During the fall campaign, then-candidate Trump laid out a goal to eliminate sequestration for defense spending.  All well and fine.  The Republican-majority Congress may get the opportunity to decide that the best or only way to pay for defense spending increases is to make corresponding cuts to non-defense discretionary funding.  By non-defense discretionary funding we mean majors cut to HOME, Section 8, public housing, and other programs.

Melora Hiller commented that government support for affordable housing funding has been in decline for many years.  This is indeed true.  Kriston Capps reports, "Federal housing aid has been steadily declining since 1995."  One proposal announce by President Trump would cement federal assistance decline.  His "'penny plan,' annual, cumulative 1 percent cut to non-defense spending would shred the government's budget for housing assistance.  The Center on Budget and Policy Priorities estimates that by 2026, federal non-defense spending would 29 percent below current spending levels, even accounting of inflation."

Diane Yentel added,

That would be devastating to affordable housing programs...Each year, there are inflationary increases needed, especially be so much of HUD's budget is taken up by rental-assistance programs, and those costs go up every year.  Just the inflationary adjustment is necessary to keep programs running as they are.


Rural road
Marshall County, Indiana
en.wikipedia.org


Trump has a rare opportunity to serve rural America-and the inner city, too

There is some hope amidst the gloom.  President Trump has the opportunity to improve on President Obama's record.  Seriously.  Here is how.

Rural America has fallen victim to the worst housing conditions in the nation.  Buffeted by depopulation, an aging population and housing stock; programs like the LIHTC, dependent on the private market to spur housing, have not had much of an effect on rural America.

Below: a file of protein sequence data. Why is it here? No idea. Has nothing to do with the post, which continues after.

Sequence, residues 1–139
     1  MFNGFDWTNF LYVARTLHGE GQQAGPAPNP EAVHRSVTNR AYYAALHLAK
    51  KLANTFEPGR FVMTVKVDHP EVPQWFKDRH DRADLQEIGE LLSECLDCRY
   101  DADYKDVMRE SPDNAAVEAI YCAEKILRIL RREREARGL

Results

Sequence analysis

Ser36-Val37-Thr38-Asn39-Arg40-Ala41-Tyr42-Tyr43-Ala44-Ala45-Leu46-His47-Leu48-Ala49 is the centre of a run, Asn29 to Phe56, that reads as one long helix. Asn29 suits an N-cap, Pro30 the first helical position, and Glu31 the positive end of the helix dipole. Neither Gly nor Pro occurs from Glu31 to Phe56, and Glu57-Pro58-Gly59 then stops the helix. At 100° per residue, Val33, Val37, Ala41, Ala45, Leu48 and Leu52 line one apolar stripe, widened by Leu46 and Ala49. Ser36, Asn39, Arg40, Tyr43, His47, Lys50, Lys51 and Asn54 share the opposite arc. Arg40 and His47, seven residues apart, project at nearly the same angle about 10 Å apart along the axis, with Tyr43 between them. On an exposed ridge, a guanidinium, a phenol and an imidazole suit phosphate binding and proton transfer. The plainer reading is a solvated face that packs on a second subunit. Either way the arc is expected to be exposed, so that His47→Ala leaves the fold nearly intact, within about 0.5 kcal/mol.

For over a decade, federal aide under the U.S. Department of Agriculture's Rural Housing programs have suffered steep cuts.  In the election, rural America play a significant role in electing POTUS.

John Henneberger said,

There rural-housing programs have basically been starved to death by the last four or five administrations that have come along...If rural American is to survive, it's going to need decent quality housing, or people can't stay and live in those areas.

Rural Texas housing
tsahc.org
A large number of substandard housing in the U.S. is found in the rural areas.  These areas also have large population of low-income households, elderly and disabled residents.  Increasing the revenues of rural America translates into reinvesting in housing-aid programs that actually do impact them.  These include the Rural Housing programs at USDA as well as HUD programs such as HOME and Community Development Block Grants.  Mr. Henneberger opined,

I think it will be an interesting signal to see from the Trump administration...If they just ideologically decide to cut or eliminate those kinds of block programs, they're really going to starve housing out of rural American.  that will be devastating to those communities.  These communities feel already neglected by the federal government.  They're going to feel even more cut off when they basically watch their population be unable to stay because there's nowhere decent for people to live out there.

Inner city  boys playing outside
theatlantic.com
 During the campaign, POTUS frequently spoke of America's inner city residents.  Mr. Capps points out, "Improving the lots of white rural Americans and black urban Americans means similar invests in infrastructure and affordable housing, albeit scale to different needs."  Most of the tools for doing accomplishing this task are available at HUD, and it remains to been seen whether or not POTUS will avail himself or reject them.  Kristen Clarke added,

If he follows through on this commitment [to the inner cities], it is important that this approach address the country's growing affordable housing crisis and ensure that people of color are not displaced from rapidly gentrifying neighborhoods.

Looking at the big picture, Mr. Henneberger said "that racial polarization is the defining issue for which the next administration will be judged."  If fair housing is the solution to racial segregation, then the Fair Housing Act is very best mechanism the federal government has to create a better future for America's communities.  Mr. Henneberger told Mr. Capps,

If President-elect Trump is able to take actions to undo the harm that has been done-and frankly the continuing, multi-decade, 100-year, 200-year problem of racial polarization and recall inequality in this country-then his administration will be a success...If, as many fear, he does not, or if we further go down the path of inflaming and making polarization worse, then that will be a disaster.  It will be a disaster for his administration, for the country, for all of us.